I flew to Houston over the weekend to speak at the Conspire Conference. I stood on a stage looking out over a few hundred students in grades 6-12, telling them my story of having breast cancer in my 20s.
I talked to them about what a dark season of life it was for me. The chemo and radiation were difficult, but on top of that I also lost a good friend to cancer, I was out of work for seven months, while in my apartment building’s parking lot, my car was hit by a truck, and my boyfriend broke up with me. After all of that, I ended up in the hospital with a raging lung infection and a good chance that I would die.
On the nights I spent in the hospital, I’d lie awake and stare at the ceiling and wonder where God was. “Do you see me? Do you love me? Do you care about what’s happening in my life?” I prayed. “And if you see me and love me and care about my life, why don’t you come down and make this all go away?”
One morning each week, I ascend the outdoor staircase on the side of our little church and enter the Upper Room – a cozy, loftlike space above the pastors’ offices set apart for prayer.
Once inside, I turn up the volume on my phone, choose “Taize” or “Gregorian Chants” from the iTunes playlists, pull out my knitting and begin to pray.
The subject of my silent prayers is usually the person for whom I’m making the scarf or blanket or shawl. The prayers are as simple as the stitches and after a minute or two, they become as steady and unconscious as my breathing:
“Lord, I lift to you your child.” And then I say his or her name.
Sarah Thebarge is the author of The Invisible Girls, a new memoir from Jericho Books. I was fortunate to get a few minutes to ask her a few questions about her touching, funny, compelling new piece of work.
Q: Your book is about Somali Refugees and also about your survival of breast cancer. How do you write one book about both things?
A: When I met the Somali mom and her girls on the MAX the first time, we had a lot of differences – different religions, ethnicities, skin color, and language. But as I developed a relationship with them, I realized that we had a lot in common at the core. Because I’d been a little girl growing up in a fundamentalist culture, where men buried you under yards of fabric and lists of rules and taught you that women were supposed to be silent. And I knew what it was like to be a refugee of sorts, because after I nearly died of cancer in my 20s, I sold everything I had and got on a plane with a suitcase of clothes and flew from the east coast to Portland, Ore., and started over. And so even though the narrative lines of the Somali refugee family and my cancer experiences seem disparate, they actually weave together well, because all this time, I’d been an Invisible Girl, too.
When Angelina went public with her decision to have a mastectomy, what she called “My Medical Choice,” we couldn’t stop relating to her as a source of identity. Everyone is taking sides, as is our custom. Whether we applaud or condemn her decision, either way we are not seriously discussing the issue. Because when it comes to Angelina the celebrity, our major issue is always getting an identity boost from her. It was probably a bit naïve for her to think that we would react in any other way. She is not our friend, after all, not a “person” in any real sense. She is a “personage,” a distant but tantalizing figure who captures our imagination and invades our identities.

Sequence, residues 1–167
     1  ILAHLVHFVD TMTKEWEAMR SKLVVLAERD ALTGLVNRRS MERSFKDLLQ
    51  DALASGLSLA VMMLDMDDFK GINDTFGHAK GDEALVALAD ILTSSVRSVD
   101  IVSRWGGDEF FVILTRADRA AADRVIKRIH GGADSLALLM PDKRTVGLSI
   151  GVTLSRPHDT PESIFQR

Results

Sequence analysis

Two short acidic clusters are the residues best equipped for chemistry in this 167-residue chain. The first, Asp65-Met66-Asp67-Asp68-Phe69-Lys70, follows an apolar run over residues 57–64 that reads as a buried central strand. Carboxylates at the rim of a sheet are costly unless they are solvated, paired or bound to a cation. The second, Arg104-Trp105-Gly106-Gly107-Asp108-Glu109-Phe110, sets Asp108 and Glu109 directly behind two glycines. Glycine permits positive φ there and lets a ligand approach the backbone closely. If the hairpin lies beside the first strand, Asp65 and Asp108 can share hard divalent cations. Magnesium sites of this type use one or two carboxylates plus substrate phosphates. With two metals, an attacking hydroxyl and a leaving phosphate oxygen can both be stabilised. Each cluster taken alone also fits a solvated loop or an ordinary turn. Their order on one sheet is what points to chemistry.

Many people are wondering if Angelina did the right thing. I’ve been asked it a few times in the last 24 hours and my family and friends know I don’t traffic in celebrity gossip very often! Yet they want to know what I think, and because I have not been either an Angelina fan or a hater, my reaction is subdued. I have nothing to win or lose by praising her or by trashing her, for that matter. I don’t feel scandalized or in a position to judge. She made a personal decision and because she’s a personage she went public with it; it’s as simple as that.
On Tuesday, Angelina Jolie became the face of preventative mastectomy. In a beautifully worded New York Times op-ed, the actress said she opted for a double mastectomy after learning she had an 87 percent risk of breast cancer, adding, “On a personal note, I do not feel any less of a woman. I feel empowered that I made a strong choice that in no way diminishes my femininity.”
In the hours following the publication of Jolie’s story, others came forward with their own stories, and the media coverage since has been non-stop. However, when a similarly famous actress, Catherine Zeta Jones, came forward with her diagnosis of bipolar II disorder, it made only a news ripple compared to the crashing wave of coverage Jolie’s disclosure has received. Don’t get me wrong — Jolie’s announcement is hugely significant and part of a much-needed conversation. But mental illness should be afforded the same level of discourse. Perhaps talking about mental illness isn’t as fascinating as talking about an actress’s decision about her breasts, but talk about it we must — and unfortunately not even a courageous disclosure made by a beautiful and famous actress like Catherine Zeta Jones is enough to get that conversation started.
Life is hard. It is full of pain, disappointments, and challenges of every kind. When hard times come our way, we often ask, Why me? And the answer comes: Why not you? We sometimes think that God has forsaken us, and sometimes God is silent. It is difficult to remember the Biblical wisdom that explains why believers, children of God, the beloved of God go through difficult times.